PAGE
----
HHhH: "Himmlers Hirn heisst Heydrich," or "Himmler's brain is called Heydrich." The most dangerous man in Hitler's cabinet, Reinhard Heydrich was known as the "Butcher of Prague." He was feared by all and loathed by most. With his cold Aryan features and implacable cruelty, Heydrich seemed indestructible-until two men, a Slovak and a Czech recruited by the British secret service-killed him in broad daylight on a bustling street in Prague, and thus changed the course of History.Who were these men, arguably two of the most discreet heroes of the twentieth century? In Laurent Binet's captivating debut novel, we follow Jozef Gabcik and Jan Kubis from their dramatic escape of Nazi-occupied Czechoslovakia to England; from their recruitment to their harrowing parachute drop into a war zone, from their stealth attack on Heydrich's car to their own brutal death in the basement of a Prague church.A seemingly effortlessly blend of historical truth, personal memory, and Laurent Binet's remarkable imagination, HHhH-an international bestseller and winner of the prestigious Prix Goncourt du Premier Roman-is a work at once thrilling and intellectually engrossing, a fast-paced novel of the Second World War that is also a profound meditation on the nature of writing and the debt we owe to history.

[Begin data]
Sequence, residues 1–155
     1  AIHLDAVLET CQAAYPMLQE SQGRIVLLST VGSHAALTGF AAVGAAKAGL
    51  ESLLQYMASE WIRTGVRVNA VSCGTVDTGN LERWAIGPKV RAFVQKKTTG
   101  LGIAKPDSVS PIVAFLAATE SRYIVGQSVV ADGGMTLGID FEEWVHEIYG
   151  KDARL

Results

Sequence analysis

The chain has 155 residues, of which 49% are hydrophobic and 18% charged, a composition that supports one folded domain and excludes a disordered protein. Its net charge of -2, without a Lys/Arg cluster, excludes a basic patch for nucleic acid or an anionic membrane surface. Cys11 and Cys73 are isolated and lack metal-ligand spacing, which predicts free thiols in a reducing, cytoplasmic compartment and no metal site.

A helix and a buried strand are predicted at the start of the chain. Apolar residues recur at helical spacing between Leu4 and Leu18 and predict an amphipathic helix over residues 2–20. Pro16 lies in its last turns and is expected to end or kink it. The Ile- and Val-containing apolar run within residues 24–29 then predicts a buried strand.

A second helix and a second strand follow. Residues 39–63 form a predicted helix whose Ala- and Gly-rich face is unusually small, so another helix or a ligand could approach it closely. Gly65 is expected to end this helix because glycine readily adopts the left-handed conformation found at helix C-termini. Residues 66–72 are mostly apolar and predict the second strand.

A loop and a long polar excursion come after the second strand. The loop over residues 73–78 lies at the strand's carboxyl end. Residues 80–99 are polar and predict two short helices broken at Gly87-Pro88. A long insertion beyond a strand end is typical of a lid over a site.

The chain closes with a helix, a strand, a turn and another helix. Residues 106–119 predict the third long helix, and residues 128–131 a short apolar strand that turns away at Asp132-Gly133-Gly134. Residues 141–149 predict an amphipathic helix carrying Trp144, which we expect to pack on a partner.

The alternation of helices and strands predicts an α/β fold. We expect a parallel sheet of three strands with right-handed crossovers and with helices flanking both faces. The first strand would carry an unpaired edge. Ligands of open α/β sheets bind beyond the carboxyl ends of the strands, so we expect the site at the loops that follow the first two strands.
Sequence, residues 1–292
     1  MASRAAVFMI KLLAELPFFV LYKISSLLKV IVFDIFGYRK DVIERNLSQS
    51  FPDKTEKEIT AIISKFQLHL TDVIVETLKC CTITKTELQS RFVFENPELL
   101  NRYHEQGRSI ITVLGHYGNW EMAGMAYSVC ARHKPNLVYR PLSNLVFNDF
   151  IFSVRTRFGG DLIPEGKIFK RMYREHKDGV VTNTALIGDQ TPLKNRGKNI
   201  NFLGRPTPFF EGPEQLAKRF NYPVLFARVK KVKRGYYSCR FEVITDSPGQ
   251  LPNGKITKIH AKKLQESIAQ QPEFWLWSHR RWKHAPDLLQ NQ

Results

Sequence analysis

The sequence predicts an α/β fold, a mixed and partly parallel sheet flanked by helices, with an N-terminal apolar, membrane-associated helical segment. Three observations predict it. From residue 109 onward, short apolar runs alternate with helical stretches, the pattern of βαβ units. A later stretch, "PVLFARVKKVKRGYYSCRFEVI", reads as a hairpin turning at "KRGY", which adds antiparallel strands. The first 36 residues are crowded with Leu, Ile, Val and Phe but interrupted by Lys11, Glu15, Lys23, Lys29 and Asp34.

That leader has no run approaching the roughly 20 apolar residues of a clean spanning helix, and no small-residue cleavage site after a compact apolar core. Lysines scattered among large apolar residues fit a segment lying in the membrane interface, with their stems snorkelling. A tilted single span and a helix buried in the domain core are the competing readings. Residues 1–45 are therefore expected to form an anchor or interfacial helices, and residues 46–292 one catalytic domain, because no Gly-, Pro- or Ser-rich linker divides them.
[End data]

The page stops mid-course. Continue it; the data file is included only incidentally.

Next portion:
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by Laurent Binet
by John R. Lee, Jesse Hanley
by Louis Begley
by Pete Hautman
by M.T. Anderson
by Lynne Graham
by Lee Caraher
by Sarah Bird
by Salman Rushdie
by Kristen Boie
by Vaddey Ratner
by Liane Moriarty
"This novel about the assassination of a key Nazi leader during WWII is part history, part novel, and part personal reflection on how the author came to write the book and how he researched it. As a result, the listener needs to distinguish between these very different sections. Narrator John Lee moves effortlessly from the conversational sections about writing and research to the almost clinical detail of the history and the heart-stopping action of the plot. He doesn't adopt different voices, but he alters his tone and pacing for each. His German pronunciation is good, and he gives direct quotes just a touch of Teutonic brusqueness. The author's short chapters make listening a bit difficult at the beginning, but they're less of a problem later in the work. R.C.G. Winner of AudioFile Earphones Award (c) AudioFile 2012, Portland, Maine"
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